31 August 2016

Here we go again - will I never learn!

 30 paintings in 30 day challenge
Collage of all 30 paintings
What was I thinking! I've signed up for another of Leslie Saeta's 30 paintings in 30 days challenge.
I probably won't complete 30 paintings, as my family visitors are here until the 9th September. If I'm lucky I might be able to cheat and paint a couple over the next two days when they are all staying in our holiday apartment in Nice. I have not been painting much this year as my father was ill and passed away in February and I have been organising the probate, add that to never having time in the summer anyway and I now feel I need a kick to get started again. 

These challenges can be hard, the pressure is all self inflicted, but it certainly helps to boost confidence and increase skills. 

I have taken part in 30 painting in 30 days challenges before and afterwards and always amazed at what I have achieved. They are not all winners of course, but many of them are. The collage above is of last Septembers challenge. Read the original post here.
Sign up for the challenge HERE

30 August 2016

Ikebana 4 - Burnt Orange Chrysanthemums

Ikebana 4 - Burnt Orange Chrysanthemums
Oil on canvas panel
by Marion Hedger
24x30 cm (approx 10x12inch)
Palette knife painting
Contact me to commission a similar painting


16 August 2016

Working Loose on Peonies, Bowl of Beauties

Bowl of Beauties floral still life
by Marion Hedger
Peony oil painting
20x20cm deep box canvas (1.5inch)
Edges painted purple
Painted with a palette knife.
Soft Edges
Obtaining soft edges with a palette knife is difficult, so I first painted the peonies followed by the background. Where I wanted soft edges, I swiped palette knife across the edge to soften it and mix the paint. Where necessary I added extra paint on the knife before swiping going from the petal into the background and sometimes vice versa.

Here are some close-ups showing this


30 July 2016

Art Inspiration, Hollyhocks in Banon

This public garden was reached by a steep path up to the church at Banon here we stayed overnight on our recent trip. The climb was well worth it to find this garden area in full bloom. Not only was it colourful, but the benches were positioned to give a wonderful view of the surrounding countryside.

Many of the village in this area were full of hollyhocks which seemed to be self-seeded and growing in no soil!

I have painted a small painting of this garden and blocked in a larger one. I am working up to do it as a larger painting still.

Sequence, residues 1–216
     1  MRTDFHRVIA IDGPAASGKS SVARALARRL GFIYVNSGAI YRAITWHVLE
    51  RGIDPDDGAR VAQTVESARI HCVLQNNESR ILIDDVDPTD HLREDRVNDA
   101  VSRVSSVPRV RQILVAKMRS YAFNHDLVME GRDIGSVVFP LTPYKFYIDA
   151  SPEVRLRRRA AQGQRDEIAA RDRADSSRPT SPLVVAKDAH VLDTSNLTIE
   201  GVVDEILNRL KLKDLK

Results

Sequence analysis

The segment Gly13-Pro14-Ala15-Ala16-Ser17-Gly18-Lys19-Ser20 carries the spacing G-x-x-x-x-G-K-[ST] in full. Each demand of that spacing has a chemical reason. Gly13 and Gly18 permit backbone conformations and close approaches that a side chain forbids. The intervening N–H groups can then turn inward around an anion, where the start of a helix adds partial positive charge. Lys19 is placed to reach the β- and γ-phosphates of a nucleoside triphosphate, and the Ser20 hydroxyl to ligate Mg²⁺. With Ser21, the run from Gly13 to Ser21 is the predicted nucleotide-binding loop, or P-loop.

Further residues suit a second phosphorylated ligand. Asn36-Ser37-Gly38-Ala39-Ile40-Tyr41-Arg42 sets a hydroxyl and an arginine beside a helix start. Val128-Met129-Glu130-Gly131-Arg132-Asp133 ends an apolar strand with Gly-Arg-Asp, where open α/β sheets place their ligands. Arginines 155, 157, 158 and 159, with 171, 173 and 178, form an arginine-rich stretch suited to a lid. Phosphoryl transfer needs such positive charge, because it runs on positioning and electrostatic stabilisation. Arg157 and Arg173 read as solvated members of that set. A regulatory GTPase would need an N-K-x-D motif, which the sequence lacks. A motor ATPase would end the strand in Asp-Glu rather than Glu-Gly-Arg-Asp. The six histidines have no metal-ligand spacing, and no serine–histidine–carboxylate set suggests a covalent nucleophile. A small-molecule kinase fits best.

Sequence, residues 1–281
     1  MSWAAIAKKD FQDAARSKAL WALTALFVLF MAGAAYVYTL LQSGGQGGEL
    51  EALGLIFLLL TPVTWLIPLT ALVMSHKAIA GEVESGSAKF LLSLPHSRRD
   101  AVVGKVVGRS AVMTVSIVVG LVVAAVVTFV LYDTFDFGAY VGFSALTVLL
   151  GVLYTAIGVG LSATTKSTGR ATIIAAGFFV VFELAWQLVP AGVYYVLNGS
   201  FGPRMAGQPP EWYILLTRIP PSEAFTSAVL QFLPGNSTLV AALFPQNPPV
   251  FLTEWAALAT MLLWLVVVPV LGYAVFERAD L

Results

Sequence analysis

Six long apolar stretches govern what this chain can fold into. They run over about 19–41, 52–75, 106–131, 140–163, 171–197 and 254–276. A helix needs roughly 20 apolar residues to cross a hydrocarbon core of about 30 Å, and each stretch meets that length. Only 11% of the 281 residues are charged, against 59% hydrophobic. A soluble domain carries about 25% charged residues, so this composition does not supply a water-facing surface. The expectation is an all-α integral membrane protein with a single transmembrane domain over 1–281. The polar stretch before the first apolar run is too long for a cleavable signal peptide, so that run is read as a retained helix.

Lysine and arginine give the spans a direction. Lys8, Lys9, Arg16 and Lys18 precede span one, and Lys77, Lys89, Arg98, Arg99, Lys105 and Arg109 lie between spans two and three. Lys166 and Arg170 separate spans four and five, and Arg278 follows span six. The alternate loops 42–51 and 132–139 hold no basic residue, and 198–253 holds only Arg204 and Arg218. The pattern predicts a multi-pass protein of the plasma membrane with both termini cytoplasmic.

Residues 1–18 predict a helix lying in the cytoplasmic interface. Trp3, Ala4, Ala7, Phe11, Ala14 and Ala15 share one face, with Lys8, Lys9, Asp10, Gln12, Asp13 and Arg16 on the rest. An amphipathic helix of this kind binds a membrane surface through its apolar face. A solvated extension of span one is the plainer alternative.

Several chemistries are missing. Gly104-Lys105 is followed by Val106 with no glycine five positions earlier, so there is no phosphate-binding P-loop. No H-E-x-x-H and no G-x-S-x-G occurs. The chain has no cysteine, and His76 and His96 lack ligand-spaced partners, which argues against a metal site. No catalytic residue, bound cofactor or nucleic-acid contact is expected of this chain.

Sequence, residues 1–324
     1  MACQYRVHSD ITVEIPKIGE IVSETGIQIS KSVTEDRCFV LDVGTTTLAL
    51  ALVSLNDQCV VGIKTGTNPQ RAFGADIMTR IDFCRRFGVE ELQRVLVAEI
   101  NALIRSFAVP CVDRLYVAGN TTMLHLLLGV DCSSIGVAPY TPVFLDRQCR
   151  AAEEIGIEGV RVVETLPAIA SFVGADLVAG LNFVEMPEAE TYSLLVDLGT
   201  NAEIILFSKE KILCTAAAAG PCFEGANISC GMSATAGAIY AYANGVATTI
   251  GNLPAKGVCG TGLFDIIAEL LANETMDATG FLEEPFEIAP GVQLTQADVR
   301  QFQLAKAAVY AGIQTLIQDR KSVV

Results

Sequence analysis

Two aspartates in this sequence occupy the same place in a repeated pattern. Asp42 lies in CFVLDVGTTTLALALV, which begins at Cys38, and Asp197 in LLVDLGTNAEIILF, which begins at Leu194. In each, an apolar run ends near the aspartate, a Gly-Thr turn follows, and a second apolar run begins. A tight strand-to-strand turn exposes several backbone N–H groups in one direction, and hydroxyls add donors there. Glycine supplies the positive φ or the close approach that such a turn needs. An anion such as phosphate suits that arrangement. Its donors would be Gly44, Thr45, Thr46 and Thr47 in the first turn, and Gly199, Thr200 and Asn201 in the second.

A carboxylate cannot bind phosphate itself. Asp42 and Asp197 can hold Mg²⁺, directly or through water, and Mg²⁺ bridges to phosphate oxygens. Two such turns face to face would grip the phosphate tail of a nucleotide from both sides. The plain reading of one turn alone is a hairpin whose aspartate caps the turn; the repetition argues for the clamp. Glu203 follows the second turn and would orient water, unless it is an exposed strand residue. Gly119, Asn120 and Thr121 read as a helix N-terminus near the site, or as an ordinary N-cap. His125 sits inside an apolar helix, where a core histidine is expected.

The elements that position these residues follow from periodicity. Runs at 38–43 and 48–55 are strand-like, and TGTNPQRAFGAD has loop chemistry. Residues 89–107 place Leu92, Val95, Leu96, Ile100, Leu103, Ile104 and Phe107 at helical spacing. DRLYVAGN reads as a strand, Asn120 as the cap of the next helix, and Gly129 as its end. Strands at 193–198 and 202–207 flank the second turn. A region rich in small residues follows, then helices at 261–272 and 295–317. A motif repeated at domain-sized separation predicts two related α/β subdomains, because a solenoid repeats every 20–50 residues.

If this scene appeals to you, I would glady work with you to paint you your own personal version. Contact me to start the ball rolling.


15 July 2016

Reaching for the Sun palette knife painting

Reaching for the Sun
Provence Sunflower painting
18x24cm (approx 7x10)
oil on 3mm MDF canvas panel

After my recent trip to the lavender and sunflower area I had the impetus to finish some paintings started last year. The sunflowers were much smaller and blooming later than normal and did not give their usual showy display. Luckily, I have the photos from last year to remind me. Often the sunflowers are way ahead of the lavender, but probably because of our cold spring this year they will need another couple of weeks. Maybe a good excuse to go on another trip.

About this painting
Another re-invigoragated painting by painting into a wax and liquin mixture like yesterday's painting

Here are a couple of close-ups to show the texture


14 July 2016

Golden Light Provence Landscape Painting

Golden Light
Provence landscape painting
18x24cm (approx 7x10)
oil on MDF canvas panel

Imaging walking in the evening glow of the sun on this peaceful path in the foothills to the alps.

About this painting
This is an older painting which I reworked to adjust some of the colouring.

I covered the painting with a thick layer of wax mixed with liquin and then liberally applied more paint into the layer. It is a fine balance of how much paint and pressure to use on the palette knife. The wax/liquin mix is quite slippy and the paint has to be thick enough to 'stick' but the mix holds the texture of the applied stroke. It also discourages fiddling with the stroke as that just wipes it off again.

Here is the old version, have I improved it? There is always something lost as well as gained when reworking a painting. I'd love to hear your thoughts.

Some close ups of the texture